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1 intervention to minimise ultimatums

I have come to notice that everytime we have to pull off a threat or ultimatum with our child, it boils down to 1 thing – Time. The lack of it.

Man alone measures time. Man alone chimes the hour. And, because of this, man alone suffers a paralyzing fear that no other creature endures. A fear of time running out.

Mitch Albom, The Time Keeper

This realisation came about as I reflected on the words we used whenever we need to threaten, scream, raise our voices (and whatever else you can think of) at our child. It usually sounds something like this.

“Hurry up! No time already!”

In our desperation to make up for time, we use quick fixes thinking that they would really fix things. Sometimes I would I guess, depending on how much of a tiger mum/dad one is or how fearful your child is of you.

However, in our life’s journey, we should have learnt by now that anything that is quick always has a tradeoff.

  • Construct a building quickly and you risk its stability.
  • Jump into a relationship quickly and you risk its sustainability.
  • Drive quickly and you risk an accident.
  • And the list goes on.

So a simple fix to this problem is to buffer in more time.

About 2 weeks ago, my wife had gone back to work and it would be the first time, in a long time, that my wife would not be sending my son to school. He had to settle for 2nd best – Daddy would be sending him to school.

He knew it and was reluctant to go. We went to the car, but he refused to sit in the car seat and be belted up. He struggled and kicked, nothing I did helped. I was on the verge of having my own meltdown and tempted to use the dark side of the Force (btw, I’ve recently taught my son how to say “I am your father” in Vader style).

But I had time. This was the redeeming factor. So I took 15 minutes to negotiate with him at the carpark, we even went back home to say our goodbyes again. Eventually he coorperated.

Knowing that it was a different routine from before, I had planned to leave house 30 minute earlier than usual and this anticipation paid off, I did not need to turn to the dark side.

So the lesson learnt? The next time, there’s going to be a chance in routine, you can expect some resistance. Then buffer in some time and things should be more manageable.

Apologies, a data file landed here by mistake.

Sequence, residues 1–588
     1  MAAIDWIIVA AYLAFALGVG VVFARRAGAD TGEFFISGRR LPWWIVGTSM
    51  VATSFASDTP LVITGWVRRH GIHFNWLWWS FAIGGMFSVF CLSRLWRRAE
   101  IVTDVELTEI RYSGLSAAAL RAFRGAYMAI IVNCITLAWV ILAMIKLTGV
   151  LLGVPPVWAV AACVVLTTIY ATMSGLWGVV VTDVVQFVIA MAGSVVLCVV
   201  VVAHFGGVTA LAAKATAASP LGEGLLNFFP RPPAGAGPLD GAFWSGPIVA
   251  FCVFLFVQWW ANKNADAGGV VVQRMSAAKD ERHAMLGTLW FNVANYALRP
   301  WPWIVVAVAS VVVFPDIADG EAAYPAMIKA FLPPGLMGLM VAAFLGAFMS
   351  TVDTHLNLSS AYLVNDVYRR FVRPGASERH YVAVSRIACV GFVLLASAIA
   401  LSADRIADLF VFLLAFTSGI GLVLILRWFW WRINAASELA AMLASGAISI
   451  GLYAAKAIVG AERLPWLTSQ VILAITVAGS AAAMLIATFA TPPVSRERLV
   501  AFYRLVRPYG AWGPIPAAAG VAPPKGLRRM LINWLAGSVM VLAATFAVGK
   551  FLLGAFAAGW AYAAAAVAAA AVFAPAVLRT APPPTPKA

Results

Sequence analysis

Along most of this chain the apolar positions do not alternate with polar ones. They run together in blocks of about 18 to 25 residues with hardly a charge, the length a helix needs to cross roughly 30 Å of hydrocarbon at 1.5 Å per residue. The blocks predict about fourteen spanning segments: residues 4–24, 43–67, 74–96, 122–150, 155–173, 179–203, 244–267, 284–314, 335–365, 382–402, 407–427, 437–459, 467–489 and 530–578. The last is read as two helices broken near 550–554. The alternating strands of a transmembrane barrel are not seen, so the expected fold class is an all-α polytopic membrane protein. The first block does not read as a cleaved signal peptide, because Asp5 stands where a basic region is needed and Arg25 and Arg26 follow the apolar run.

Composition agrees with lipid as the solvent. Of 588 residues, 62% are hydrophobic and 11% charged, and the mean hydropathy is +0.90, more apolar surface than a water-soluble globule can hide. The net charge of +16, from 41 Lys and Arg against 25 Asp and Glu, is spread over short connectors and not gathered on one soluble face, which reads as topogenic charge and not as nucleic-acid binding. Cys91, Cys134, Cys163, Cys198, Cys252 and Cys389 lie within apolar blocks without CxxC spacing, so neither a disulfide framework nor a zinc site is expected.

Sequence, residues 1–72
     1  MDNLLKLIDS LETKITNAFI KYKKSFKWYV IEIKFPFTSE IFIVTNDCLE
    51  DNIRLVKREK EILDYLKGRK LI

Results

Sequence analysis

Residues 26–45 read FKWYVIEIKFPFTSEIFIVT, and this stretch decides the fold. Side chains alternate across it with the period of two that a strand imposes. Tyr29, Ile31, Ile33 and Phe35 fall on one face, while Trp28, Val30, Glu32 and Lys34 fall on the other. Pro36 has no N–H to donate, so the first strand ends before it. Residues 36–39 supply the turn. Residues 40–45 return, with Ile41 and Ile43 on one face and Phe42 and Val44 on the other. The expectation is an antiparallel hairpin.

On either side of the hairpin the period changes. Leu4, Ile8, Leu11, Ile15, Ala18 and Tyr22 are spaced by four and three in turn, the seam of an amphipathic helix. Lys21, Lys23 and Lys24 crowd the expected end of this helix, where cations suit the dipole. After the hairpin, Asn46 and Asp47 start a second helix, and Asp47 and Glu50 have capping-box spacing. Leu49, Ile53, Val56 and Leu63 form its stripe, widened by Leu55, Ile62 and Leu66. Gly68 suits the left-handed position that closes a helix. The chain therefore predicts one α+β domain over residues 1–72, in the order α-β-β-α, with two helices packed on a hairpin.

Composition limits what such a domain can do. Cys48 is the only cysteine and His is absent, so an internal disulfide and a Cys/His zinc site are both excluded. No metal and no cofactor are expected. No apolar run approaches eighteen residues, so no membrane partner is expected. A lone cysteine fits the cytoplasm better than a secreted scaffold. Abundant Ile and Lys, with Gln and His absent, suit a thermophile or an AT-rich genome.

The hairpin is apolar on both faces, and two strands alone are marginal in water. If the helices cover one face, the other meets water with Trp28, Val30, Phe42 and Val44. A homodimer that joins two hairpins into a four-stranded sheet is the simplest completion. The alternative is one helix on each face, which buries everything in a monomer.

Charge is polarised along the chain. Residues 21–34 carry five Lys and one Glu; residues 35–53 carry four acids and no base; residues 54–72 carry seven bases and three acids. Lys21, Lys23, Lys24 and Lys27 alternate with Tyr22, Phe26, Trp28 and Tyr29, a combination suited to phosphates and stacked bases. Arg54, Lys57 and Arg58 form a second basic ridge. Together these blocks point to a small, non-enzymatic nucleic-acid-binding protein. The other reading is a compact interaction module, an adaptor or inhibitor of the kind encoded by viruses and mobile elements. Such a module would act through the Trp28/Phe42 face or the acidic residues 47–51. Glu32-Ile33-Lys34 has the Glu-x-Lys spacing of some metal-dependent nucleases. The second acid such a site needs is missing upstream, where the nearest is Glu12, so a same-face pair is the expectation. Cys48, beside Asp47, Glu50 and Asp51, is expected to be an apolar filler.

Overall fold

May the Force be with you.

3 thoughts on “1 intervention to minimise ultimatums

  1. Hey,
    This post strikes a chord in my heart. I always agree that time (or the lack of) is the key cause for parents losing patience. It’s a structural issue with society that cannot be easily fixed. I’m just glad that because of the nature of my work as a tutor, I’m usually not rushing for time in the morning for work. I even have time to have a nice breakfast with the whole family.
    When I wrote something about spending more time with my kid in past articles, there are some very disgrunted comments that they have no time, so they are spending quality time only. Quality time? There’s no such thing as quality. If we are unable to have low quality time doing chores or just simply nothing together, we will not be there to experience those magical quality time too.


    1. I think depends on how you define quality? Being physically present but not mentally present also no use. I’m guilty of that sometimes. My boy will watch TV, then I’ll have time to browse social media. Yet I don’t really want him to watch TV. Social media? Can always browse when he sleeps. So by changing routines, I think can still create some form of quality time.

      Yes, I really envy the mornings you have. For the past 17 years, I’ve always had to be in school by 7am. Being able to send him to school is a luxury and a source of many stories of his reluctance to go to school!

      Liked by 1 person

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